But, on the other hand, if there is a rare and hard to find book that you want to give away—and you are constantly reading this book—everyday for guidance—and this book has ancient and spiritual knowledge that will probably take you more than a lifetime to comprehension its entire meaning, for example—the early editions of the Hebrew Bible, and I believe any other ancient and knowledgeable books that the next generation of readers can benefit from—should not be given away— but if they are, then you (the giver) should obtain a replacement copy immediately because a book with valuable information is worth more than silver and gold.

So, with that being said—I want to end this inspiring Q&A session with Mel Blanc’s famous catchphrase, “That’s All Folks!” And I want to thank Librarian Judith and Straight From The Library BlogSpot—for hosting this wonderful event, and also I want to give thanks to Goddess Fish Promotions—for organizing this magnificent “Virtual Name Before the Masses Tour” for Three Black Boys: Tomorrow After Supper. (PEACE) and always remember that (P) Positive, (E) Energy, (A) Always, (C) Creates, (E) Elevation.


Teenagers spring into dangerous action to obtain financial aid for a woman who has only a month to live. The setting is Queens, N.Y., home to Babita Harris, an Indian immigrant plagued with the deadly black fever disease. With a couple of months to live, Babita only hope of survival is a costly liver transplant. But with no health insurance, the chance of a surgery is slim. What she needs is a quarter of a million dollars in cash. Barnes, her only son, along with his two friends, Demus and Baker, spring into dangerous action to get the money. Although their road is paved with good intentions, the brothers in arms will experience more than they have ever experienced before.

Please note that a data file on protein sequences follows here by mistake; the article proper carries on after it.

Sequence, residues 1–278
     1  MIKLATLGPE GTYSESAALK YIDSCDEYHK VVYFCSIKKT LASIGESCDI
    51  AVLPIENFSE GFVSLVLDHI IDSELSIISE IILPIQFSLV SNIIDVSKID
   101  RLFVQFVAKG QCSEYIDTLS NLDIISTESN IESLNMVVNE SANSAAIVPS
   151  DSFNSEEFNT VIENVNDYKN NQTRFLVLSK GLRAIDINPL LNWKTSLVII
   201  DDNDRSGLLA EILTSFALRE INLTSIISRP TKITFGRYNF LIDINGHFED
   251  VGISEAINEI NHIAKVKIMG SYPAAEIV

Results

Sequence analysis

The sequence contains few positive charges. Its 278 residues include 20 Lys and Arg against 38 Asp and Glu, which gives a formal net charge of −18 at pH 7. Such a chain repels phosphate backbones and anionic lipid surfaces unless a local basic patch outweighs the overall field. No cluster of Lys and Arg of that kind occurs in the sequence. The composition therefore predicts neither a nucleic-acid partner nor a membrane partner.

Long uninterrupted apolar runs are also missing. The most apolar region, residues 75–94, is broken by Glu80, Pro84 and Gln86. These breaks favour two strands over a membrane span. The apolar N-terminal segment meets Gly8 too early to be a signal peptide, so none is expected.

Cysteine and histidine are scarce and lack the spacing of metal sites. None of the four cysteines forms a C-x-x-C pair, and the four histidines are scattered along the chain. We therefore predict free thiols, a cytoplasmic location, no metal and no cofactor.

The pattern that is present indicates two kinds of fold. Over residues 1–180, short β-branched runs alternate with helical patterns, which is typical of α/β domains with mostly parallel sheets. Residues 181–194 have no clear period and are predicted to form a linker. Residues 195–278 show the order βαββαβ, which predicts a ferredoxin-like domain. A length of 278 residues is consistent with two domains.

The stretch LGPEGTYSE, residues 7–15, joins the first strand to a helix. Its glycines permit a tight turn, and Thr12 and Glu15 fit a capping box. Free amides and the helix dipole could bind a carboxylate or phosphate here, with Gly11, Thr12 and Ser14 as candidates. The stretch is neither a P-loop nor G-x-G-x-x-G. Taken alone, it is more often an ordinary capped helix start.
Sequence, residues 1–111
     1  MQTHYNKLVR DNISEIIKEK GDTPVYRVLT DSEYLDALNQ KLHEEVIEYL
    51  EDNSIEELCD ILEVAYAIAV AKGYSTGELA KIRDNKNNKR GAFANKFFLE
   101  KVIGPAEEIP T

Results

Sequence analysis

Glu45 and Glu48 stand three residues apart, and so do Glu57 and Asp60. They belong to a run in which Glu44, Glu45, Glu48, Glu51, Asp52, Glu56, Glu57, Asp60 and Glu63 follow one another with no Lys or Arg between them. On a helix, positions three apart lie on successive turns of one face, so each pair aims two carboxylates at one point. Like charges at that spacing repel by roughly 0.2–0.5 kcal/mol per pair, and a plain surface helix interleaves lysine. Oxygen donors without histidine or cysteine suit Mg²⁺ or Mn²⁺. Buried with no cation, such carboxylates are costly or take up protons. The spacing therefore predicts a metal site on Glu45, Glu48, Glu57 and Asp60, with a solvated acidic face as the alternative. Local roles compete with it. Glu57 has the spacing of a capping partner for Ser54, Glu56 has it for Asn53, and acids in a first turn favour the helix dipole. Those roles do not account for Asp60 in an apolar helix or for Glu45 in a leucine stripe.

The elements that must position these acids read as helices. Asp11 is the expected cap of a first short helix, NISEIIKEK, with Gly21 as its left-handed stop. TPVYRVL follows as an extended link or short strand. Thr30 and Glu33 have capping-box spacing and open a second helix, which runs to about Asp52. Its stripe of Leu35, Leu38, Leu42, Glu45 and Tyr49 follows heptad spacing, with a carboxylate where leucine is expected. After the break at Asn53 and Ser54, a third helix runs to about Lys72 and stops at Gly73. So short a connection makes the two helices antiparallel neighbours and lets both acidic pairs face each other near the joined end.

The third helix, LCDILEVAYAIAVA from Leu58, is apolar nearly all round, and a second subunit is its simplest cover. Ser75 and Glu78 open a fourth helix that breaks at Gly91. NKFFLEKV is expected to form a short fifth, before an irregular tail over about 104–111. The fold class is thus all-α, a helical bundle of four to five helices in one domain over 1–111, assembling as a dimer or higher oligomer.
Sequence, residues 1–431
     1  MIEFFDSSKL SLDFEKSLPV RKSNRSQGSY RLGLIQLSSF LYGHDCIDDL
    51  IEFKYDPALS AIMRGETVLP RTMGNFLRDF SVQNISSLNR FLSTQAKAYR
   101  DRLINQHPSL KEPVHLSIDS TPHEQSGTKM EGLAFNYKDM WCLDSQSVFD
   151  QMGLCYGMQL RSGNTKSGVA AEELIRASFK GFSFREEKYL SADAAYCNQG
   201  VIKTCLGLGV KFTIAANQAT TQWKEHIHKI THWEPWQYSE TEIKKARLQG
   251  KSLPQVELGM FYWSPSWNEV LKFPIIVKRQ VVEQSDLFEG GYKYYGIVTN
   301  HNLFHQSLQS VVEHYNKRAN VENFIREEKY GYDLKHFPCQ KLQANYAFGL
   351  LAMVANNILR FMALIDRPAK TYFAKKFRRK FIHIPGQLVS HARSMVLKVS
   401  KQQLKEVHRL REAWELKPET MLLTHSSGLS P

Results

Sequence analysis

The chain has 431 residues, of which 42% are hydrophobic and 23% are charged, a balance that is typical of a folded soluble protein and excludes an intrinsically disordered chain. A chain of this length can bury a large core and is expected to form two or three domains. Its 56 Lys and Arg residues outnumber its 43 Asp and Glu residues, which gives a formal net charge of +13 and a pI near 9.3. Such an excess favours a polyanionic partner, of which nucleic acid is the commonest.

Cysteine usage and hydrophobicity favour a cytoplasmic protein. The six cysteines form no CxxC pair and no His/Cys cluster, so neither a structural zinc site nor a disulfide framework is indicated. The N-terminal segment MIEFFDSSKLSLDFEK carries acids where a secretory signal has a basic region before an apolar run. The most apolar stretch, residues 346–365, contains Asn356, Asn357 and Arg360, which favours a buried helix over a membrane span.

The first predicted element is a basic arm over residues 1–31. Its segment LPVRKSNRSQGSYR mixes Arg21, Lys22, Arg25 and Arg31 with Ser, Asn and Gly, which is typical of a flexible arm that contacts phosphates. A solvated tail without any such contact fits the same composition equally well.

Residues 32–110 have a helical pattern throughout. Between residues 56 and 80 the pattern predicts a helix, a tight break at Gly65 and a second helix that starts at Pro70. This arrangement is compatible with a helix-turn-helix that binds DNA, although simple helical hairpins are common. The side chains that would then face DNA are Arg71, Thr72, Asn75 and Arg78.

Ego, a creative God, sees the gardeners’ departure as an opportunity to do his dirty work. He wind surfs down below the clouds and lands between two rows of cosmic trees. He walks on dried leaves while reading the names of the cosmic trees as he passes by them. “At last,” he says with a giant smile, after finding what he is looking for, “the Melatonin cosmic tree. The main ingredient I need to permanently destroy their human creation.” Out the corner of his eye, he sees a fountain flowing with miracle water. Unable to resist the temptation, he makes his way over to the fountain, and drinks enough water to satisfy his thirst. “Damn, this is good water,” he says before pulling out a small metallic container from his waistband. He fills the container with miracle water, closes the lid, and inserts the container back inside his waistband. He walks back over to the Melatonin cosmic tree and tries to uproot it, but his efforts are in vain. He closes his eyes to mediate, and a short while later, the color of his aura changes from light gray to dark red. Now, much more powerful than before, he tries again to uproot the cosmic tree and succeeds.

Suddenly, the sky becomes dim and darkness covers the fourth dimensional sun. The moon ascends up to its highest peak, but instead of its normal glow, it shines a black fluorescent ray of light. The ground shakes thunderously, and steam erupts from an underground lake.


Zangba Thomson is the Creative Director at BME LLC, the author of Three Black Boys: Tomorrow After Supper, co-author of Do Right Do Good (a self-help guide book towards vision fulfillment and entrepreneurship), a recording artist, and New York Life Coach Examiner. Zangba balances his career and family time on the scale of hard work and dedication, and his main areas of focus include his real life experiences, metaphysics, and spirituality. Zangba's work reinforces the basic idea that goals are fulfilled when right decisions are made. Please visit his website at